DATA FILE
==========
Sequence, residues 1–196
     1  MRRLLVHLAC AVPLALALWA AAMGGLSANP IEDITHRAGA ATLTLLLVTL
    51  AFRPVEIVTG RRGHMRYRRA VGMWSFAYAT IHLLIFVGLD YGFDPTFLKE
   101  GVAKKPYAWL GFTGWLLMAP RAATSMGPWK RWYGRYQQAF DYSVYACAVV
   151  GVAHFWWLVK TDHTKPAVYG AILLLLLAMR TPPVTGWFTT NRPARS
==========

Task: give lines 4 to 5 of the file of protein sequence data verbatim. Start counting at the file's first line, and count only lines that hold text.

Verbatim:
   101  GVAKKPYAWL GFTGWLLMAP RAATSMGPWK RWYGRYQQAF DYSVYACAVV
   151  GVAHFWWLVK TDHTKPAVYG AILLLLLAMR TPPVTGWFTT NRPARS